Wilson Sayre

This past weekend was the start of the two-and-a-half-month alligator-hunting season in Florida. It was also the first time the Loxahatchee National Wildlife Refuge opened its gates to recreational gator hunting. It's the first wildlife refuge in the country to do so.

Of the 1,203 people who applied, only 11 were granted permits, each for two gators. Half of the permit holders started their hunt Friday at the much-anticipated opening.


If you’re an outdoorsy type, Florida wildlife officials have a job for you.

But there’s a catch. Actually, several catches – all with very sharp teeth.

In the United States, the only place you’ll find an American crocodile in the wild is South Florida. It used to be an endangered species.

But not anymore.


Gov. Rick Scott decided that using live alligators as fundraising bait wasn’t such a great idea after all.

Without explanation, Scott’s re-election campaign on Tuesday abruptly called off a planned “private gator hunt” in New Smyrna Beach on Oct. 18 for donors willing to pay $25,000 a head. The invitations said: “Space is limited.”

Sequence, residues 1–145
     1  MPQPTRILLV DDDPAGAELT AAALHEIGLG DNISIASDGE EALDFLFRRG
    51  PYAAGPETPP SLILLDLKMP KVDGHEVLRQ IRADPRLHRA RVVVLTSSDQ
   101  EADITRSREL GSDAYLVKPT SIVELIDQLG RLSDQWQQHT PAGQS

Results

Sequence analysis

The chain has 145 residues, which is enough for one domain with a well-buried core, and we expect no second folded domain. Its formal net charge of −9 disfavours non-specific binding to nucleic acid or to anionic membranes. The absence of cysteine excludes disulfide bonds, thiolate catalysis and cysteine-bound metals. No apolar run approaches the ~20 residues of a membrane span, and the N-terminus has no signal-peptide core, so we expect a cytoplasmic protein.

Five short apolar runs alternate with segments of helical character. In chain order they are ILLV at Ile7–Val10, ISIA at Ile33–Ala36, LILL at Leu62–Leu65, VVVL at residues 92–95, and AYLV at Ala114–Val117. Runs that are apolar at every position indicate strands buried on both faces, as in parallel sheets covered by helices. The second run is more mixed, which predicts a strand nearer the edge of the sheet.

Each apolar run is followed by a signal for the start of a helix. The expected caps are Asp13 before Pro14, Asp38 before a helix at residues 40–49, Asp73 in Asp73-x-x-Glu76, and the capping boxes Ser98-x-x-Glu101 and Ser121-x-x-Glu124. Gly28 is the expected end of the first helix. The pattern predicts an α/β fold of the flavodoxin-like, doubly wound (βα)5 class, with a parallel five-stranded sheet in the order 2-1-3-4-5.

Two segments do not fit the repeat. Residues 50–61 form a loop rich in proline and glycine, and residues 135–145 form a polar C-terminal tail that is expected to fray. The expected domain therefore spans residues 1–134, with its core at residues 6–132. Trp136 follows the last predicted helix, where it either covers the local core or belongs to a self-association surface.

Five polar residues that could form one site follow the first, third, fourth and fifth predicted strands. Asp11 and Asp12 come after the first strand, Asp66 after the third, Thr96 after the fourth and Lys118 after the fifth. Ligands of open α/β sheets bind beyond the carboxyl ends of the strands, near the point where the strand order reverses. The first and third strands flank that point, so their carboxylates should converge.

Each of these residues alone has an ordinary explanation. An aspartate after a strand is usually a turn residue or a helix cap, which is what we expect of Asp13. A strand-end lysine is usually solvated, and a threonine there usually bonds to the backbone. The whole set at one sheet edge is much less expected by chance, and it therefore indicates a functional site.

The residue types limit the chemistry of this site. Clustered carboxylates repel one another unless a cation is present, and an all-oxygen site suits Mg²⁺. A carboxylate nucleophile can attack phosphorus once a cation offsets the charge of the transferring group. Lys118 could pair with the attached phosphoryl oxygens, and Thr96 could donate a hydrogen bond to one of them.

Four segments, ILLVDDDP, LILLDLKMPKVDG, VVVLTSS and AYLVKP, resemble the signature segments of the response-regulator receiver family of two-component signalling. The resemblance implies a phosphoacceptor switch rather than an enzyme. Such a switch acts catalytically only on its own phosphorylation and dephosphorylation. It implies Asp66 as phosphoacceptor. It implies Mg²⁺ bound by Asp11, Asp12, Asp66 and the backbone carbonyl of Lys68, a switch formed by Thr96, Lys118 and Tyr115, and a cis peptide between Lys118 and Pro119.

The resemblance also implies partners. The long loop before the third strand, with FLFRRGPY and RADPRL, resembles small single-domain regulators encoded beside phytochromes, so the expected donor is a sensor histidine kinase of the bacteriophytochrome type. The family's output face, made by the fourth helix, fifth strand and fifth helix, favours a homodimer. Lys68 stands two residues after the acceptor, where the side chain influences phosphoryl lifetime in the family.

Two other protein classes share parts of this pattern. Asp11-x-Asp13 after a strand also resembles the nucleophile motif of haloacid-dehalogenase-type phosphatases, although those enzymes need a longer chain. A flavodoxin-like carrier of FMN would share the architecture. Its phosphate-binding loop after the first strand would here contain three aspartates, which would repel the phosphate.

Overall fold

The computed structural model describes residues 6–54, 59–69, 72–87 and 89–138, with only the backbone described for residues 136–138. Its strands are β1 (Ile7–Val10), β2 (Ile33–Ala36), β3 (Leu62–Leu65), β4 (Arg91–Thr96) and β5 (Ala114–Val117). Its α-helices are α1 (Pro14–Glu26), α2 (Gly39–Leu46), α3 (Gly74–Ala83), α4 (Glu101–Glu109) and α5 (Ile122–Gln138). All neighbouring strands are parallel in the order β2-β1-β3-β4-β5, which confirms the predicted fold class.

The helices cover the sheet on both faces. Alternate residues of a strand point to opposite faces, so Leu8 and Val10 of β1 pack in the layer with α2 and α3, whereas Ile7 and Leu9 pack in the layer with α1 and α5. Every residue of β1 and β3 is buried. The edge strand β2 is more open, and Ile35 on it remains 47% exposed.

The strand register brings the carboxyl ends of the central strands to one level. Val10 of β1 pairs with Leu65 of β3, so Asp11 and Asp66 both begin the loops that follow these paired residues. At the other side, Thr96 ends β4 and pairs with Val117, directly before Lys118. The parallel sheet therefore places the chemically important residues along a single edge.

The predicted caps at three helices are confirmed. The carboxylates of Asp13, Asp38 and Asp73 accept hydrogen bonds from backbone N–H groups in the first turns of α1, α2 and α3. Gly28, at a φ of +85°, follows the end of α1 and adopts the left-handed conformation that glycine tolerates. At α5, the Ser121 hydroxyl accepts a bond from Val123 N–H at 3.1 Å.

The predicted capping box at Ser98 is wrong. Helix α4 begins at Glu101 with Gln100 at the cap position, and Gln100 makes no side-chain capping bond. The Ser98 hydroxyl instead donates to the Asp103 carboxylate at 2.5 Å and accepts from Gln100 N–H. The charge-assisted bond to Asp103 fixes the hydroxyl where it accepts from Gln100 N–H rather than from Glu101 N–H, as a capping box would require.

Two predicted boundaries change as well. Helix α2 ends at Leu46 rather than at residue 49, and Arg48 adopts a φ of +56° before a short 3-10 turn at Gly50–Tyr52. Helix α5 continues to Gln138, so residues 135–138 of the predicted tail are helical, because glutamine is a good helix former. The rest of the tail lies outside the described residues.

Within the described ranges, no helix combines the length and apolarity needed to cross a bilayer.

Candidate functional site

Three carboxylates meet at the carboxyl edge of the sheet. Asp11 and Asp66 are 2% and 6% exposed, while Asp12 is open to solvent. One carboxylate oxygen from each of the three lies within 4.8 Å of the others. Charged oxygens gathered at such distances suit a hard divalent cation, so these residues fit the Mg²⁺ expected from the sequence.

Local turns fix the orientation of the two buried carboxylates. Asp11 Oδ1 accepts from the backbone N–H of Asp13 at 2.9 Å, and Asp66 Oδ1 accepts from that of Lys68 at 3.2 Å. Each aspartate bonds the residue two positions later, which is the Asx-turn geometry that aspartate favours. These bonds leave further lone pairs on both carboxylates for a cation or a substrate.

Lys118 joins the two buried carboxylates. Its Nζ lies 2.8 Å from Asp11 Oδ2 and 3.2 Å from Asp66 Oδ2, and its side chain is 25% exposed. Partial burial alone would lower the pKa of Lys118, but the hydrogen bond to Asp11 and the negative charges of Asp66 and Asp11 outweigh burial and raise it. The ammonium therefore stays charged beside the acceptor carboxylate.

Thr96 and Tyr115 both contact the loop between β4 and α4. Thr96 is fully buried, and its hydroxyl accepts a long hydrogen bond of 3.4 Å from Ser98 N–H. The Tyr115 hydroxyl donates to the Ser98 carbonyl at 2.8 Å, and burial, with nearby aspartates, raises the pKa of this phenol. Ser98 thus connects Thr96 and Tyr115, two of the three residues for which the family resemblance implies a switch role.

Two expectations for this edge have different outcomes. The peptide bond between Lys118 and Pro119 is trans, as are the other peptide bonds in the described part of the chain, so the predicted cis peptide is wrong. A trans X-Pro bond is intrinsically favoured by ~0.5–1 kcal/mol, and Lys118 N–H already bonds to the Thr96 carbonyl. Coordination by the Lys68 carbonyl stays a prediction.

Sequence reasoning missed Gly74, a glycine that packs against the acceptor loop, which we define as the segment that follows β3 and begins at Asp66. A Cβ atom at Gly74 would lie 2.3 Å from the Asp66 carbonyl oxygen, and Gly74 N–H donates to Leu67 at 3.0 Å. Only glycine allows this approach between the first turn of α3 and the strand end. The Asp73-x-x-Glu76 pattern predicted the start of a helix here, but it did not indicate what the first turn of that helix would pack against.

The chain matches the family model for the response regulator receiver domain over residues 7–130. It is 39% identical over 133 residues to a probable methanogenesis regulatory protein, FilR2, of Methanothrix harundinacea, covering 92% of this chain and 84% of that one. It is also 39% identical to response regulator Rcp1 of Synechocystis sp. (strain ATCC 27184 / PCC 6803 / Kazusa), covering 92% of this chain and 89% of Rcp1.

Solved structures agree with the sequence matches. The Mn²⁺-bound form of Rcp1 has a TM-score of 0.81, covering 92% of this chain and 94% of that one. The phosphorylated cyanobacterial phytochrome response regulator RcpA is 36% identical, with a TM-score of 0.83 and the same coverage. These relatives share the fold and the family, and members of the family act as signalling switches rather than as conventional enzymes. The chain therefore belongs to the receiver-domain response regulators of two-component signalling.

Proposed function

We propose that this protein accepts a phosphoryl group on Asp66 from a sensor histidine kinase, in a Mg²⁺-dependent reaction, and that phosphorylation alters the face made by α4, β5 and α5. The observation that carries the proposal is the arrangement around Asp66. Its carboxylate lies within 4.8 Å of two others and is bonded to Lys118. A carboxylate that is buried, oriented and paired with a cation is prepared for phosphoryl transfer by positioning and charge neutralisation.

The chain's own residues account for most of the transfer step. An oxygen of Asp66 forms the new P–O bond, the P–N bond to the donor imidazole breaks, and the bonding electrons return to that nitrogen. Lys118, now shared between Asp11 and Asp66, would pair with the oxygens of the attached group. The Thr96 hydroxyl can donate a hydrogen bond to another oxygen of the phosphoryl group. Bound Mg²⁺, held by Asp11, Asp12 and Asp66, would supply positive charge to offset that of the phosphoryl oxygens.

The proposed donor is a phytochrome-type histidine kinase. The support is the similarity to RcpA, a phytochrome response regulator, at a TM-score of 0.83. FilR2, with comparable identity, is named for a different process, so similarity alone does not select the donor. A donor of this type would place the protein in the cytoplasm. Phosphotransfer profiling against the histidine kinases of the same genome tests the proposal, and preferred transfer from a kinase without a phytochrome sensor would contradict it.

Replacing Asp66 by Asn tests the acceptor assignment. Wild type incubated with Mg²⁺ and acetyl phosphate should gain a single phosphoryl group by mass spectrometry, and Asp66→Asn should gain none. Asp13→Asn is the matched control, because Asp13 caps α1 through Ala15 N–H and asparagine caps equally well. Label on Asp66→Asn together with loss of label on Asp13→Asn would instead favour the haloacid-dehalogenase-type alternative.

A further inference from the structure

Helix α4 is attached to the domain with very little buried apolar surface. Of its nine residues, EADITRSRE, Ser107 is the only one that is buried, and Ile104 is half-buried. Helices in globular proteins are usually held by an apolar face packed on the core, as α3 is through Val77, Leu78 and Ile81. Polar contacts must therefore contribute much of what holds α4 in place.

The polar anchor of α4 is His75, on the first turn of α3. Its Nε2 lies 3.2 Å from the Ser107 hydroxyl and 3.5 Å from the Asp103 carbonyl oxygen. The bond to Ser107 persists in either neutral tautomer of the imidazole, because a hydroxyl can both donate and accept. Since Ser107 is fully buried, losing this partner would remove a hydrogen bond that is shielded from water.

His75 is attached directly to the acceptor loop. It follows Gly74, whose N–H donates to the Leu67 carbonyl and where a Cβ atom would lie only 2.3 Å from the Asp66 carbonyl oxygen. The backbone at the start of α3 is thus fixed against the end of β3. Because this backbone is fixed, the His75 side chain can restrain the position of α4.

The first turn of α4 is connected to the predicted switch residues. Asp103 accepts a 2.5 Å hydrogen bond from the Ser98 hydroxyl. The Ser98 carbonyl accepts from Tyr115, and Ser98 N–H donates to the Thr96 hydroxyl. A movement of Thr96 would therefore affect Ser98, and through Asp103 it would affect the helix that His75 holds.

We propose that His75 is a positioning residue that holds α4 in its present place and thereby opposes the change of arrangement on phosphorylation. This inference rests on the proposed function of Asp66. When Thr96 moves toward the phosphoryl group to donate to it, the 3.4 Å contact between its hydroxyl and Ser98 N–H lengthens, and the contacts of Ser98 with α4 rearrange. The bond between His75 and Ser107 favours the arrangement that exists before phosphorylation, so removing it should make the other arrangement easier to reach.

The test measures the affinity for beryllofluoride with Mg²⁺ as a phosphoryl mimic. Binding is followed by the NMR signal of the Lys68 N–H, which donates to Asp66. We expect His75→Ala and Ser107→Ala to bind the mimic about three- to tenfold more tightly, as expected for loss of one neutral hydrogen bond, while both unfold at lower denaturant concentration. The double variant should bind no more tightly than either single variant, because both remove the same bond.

Two alligators, each weighing more than 720 pounds, were caught in Mississippi this past weekend, setting a new state record for heaviest male alligator. Both animals measured more than 13 feet in length; it took hours to get the trophies into the hunters' boats.

The huge reptiles were brought down on the same day, setting a state record that stood for less than two hours before it was broken again.

A 6-year-old boy's day off from school Friday left him with a vivid story to tell his classmates, after he was seized — and eventually released — by an alligator in South Florida. The attack occurred at a wildlife refuge near Boynton Beach, Fla., where Joseph Welch had taken his son, Joey, for a canoe ride.

As Welch, a native of Rhode Island who now lives in Pompano Beach, says in a Morning Edition interview airing Tuesday, his idea had been to do "something new and different."